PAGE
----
• Specific dataset checklist – these approaches determine a short list of particularly important datasets and ask about whether these are available, and then conduct a technical assessment of these particular datasets. The Open Data Index, and Open Data Census both adopt this approach.
  • Domain specific assessments – Harper’s grading of US departments dataset publication practices identifies ideal features of specific datasets, and evaluates them against these (Harper, 2012). For example, where a standard exists for representation of a particular kind of data, it would judge a department higher where it adopts this standard.
  • Added value features – The Open Data Index, and the proposed mOGD-I model include questions on whether applications have been built on top of data, or whether there are accompanying tools around datasets. The readiness assessments also consider the capacity of states to support and stimulate activities that might increase uptake and use of open data.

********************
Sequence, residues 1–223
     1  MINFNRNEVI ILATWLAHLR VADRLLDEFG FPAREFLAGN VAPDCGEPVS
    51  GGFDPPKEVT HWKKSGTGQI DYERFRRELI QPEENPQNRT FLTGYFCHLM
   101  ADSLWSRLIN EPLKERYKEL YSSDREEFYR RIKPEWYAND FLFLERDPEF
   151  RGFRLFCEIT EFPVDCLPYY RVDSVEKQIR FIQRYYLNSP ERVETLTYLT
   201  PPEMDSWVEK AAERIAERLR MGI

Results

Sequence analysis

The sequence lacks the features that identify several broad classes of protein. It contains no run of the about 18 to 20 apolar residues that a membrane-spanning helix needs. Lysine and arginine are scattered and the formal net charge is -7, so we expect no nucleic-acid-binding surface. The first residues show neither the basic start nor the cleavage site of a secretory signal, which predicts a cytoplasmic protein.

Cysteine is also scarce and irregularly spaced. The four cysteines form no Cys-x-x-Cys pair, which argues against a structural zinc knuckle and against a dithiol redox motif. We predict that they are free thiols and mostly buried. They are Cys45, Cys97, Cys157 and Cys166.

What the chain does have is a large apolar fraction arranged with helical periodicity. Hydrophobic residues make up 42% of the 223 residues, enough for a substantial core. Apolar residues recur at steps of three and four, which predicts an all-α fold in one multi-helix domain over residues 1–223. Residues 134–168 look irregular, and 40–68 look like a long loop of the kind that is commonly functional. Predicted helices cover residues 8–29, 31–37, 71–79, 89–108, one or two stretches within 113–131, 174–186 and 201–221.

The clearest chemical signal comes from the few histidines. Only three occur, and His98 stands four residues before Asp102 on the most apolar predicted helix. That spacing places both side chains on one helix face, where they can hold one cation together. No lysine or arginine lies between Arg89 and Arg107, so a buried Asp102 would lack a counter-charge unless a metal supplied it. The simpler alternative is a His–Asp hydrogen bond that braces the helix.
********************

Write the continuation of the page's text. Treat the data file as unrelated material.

• Features of the environment – the readiness assessments major on this, describing social, technical, legal, political, economic and organisational contexts for open data.
  • Expert surveys – most assessment frameworks draw to a degree on survey methods, even though some attempt to automate elements. In most cases a single informant is used.

Some frameworks look to generate a single number that can be used to rank the subject of analysis, as in the case of the Open Data Index, MELODA, or implementation of the 5-stars of open data model. Other frameworks present a multi-dimensional assessment of their subject, either omitting aggregation altogether, or providing aggregation along a number of dimensions such as legal, organisation, technical etc.